Helen Lynch from Wynlen House at Braidwood reckons there would hardly be a soul in town who hasn’t eaten one of their Brussels sprouts.
Together with her partner Bronwyn Richards, the pair produce an astonishing four tonnes of food each year from their 1000sqm block in the middle of town, a true urban farm and a buzzing hive of productivity.
Bronwyn and Helen have joined Region Media as regular Kitchen Garden columnists.
Bronwyn began the adventure almost 20 years ago when she bought a large block with the intention of growing food on a substantial scale. There was local scepticism about the plan and a widespread belief that Braidwood was too cold to be particularly productive.
When she and Helen met, the operation geared up and they began selling food at street stalls near the Dojo Bakery and the Provisions Cafe courtyard. They joined the local farmers market as the operation continued to grow and then, when both of them lost their jobs, they took the plunge into full-time production.
“Being of the age we were, we decided we would just build this into a business”, Helen said. “We thought we could do bigger and better”.
The decision aligned with their values.
“We’ve both always seen good food as the key to a good life. Increasingly if you look around you, one of the best ways is to create it yourself. Industrial agriculture means there are more and more pollution and disease issues and chemical inputs,” Helen said.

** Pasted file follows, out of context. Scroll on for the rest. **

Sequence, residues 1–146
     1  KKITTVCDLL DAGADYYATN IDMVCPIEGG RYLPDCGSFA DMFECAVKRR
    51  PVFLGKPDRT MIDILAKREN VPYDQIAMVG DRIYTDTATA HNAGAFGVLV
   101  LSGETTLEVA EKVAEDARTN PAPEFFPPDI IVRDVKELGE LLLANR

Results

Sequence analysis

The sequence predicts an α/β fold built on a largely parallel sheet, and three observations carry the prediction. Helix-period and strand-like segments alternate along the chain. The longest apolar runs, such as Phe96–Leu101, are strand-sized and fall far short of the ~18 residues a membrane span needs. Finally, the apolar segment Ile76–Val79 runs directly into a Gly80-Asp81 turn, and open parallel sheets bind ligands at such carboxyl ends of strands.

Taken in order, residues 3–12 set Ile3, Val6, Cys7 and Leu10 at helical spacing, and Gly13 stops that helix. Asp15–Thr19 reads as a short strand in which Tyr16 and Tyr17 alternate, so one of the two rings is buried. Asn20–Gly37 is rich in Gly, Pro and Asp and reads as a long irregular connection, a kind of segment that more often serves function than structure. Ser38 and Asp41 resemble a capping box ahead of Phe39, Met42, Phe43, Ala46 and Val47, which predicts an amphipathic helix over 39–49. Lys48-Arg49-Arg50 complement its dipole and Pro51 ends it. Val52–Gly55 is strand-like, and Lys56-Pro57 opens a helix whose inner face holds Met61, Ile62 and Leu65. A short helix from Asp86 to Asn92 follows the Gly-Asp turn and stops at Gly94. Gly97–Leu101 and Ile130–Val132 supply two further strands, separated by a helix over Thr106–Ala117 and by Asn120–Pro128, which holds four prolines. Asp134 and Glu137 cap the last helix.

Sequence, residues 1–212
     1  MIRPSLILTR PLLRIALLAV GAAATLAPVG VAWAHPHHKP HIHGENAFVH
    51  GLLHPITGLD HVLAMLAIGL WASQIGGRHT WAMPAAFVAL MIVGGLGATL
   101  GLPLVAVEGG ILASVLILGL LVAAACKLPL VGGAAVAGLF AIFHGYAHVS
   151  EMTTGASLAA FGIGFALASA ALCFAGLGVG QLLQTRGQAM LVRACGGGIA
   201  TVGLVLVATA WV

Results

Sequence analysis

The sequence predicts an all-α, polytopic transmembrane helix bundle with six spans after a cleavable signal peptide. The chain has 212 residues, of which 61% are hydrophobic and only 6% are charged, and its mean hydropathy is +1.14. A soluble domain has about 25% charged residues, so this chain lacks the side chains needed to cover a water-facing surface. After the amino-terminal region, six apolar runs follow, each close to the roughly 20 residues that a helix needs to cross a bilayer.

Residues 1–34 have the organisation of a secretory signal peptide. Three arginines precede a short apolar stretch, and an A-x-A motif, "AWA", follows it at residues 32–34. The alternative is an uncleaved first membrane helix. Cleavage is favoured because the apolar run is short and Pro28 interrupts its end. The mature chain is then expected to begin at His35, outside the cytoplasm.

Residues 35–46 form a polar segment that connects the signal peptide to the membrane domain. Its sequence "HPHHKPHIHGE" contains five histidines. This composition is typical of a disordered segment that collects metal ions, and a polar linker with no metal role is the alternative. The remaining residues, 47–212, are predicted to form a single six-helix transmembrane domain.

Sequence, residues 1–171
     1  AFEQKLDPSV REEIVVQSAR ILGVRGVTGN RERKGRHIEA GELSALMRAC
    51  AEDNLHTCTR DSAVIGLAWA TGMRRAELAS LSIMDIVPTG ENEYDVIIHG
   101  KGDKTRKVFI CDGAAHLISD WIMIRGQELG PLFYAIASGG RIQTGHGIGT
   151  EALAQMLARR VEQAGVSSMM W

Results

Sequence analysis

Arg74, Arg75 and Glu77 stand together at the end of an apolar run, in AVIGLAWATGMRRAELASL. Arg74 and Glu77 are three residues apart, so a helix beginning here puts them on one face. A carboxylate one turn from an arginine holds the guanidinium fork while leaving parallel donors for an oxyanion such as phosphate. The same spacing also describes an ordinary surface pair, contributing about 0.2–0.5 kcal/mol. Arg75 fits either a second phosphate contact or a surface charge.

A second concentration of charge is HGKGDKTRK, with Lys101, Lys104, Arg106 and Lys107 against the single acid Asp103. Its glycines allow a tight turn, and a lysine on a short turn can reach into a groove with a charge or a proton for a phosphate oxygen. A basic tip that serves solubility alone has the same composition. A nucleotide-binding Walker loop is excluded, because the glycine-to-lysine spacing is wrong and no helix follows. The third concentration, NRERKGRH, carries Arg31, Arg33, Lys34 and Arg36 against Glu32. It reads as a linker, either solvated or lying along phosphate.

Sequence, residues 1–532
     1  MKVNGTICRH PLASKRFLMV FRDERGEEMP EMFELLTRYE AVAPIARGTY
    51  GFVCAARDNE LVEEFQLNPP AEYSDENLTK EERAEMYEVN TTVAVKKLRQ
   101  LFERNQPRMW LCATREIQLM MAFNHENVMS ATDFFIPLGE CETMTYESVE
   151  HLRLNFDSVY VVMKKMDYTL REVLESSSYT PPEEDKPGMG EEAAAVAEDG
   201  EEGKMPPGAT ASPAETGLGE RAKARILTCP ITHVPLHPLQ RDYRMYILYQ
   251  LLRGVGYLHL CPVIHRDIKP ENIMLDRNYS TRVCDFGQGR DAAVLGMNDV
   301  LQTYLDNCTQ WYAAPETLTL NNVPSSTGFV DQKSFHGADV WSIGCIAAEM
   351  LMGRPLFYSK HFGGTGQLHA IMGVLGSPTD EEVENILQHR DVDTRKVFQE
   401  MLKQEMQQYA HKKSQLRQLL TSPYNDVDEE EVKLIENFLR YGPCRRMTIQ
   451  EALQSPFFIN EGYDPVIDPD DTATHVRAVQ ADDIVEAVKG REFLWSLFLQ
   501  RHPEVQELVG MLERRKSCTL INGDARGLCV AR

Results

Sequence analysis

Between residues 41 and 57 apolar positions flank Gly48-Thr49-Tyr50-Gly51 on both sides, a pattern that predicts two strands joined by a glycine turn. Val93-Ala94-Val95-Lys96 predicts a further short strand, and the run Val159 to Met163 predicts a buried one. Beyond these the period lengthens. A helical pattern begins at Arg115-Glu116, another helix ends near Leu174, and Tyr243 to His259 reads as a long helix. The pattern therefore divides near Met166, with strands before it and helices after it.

They joined the global slow food movement grounded in the belief that food can be clean, fairly produced, sold at a good price for the producer and not damaging to the environment.
“People often think that food is cheap, but somebody else is paying the price or bearing the cost,” Helen said.
“It shouldn’t be the farmer although that’s what supermarket chains do, which often crushes the grower. It shouldn’t be the environment that pays the price either.
“We always try to stay local, another important principle is to reduce food miles. Our produce won’t cost petrol and it’s the freshest you can get,” Helen said.
Wynlen uses bio-intensive polyculture systems to produce many different species in the same place together. Helen said the system requires in-depth understanding of plant species, weather, soil types and how to grow plants that take advantage of one another.
The technique discourages pests, provides its own mulch and conserves water. Biodiversity above and below the soil, means that soil and air borne diseases are significantly less active.
Wynlen also sells produce boxes online that are either collected locally or delivered in the immediate area, participate in Canberra’s southern harvest box scheme and sell speciality produce to several local chefs.
Producing the harvest takes both of them four or five hours a day and the remainder of their time is spent selling, marketing an detaching. They find that more and more local people want to grow their own food and many of them have taken Wynlen’s regular classes.
The Braidwood community now involves multiple growers and has an active network of producers who swap food.
“When we arrived in 2006, the only people growing food were Gilles Bonin and his garlic and the vegetable growers at Araluen.” Helen said.
“There are a lot of producers now. We know pretty much all of them and have had something to do with their emergence as growers.
“We’re pretty proud of it all, really. It’s taken a lot of work. In a way we made the best of a bad outcome by joining forces and doing this as a job. It’s kind of worked I think.”
You can find out more about Wynlen House’s story here.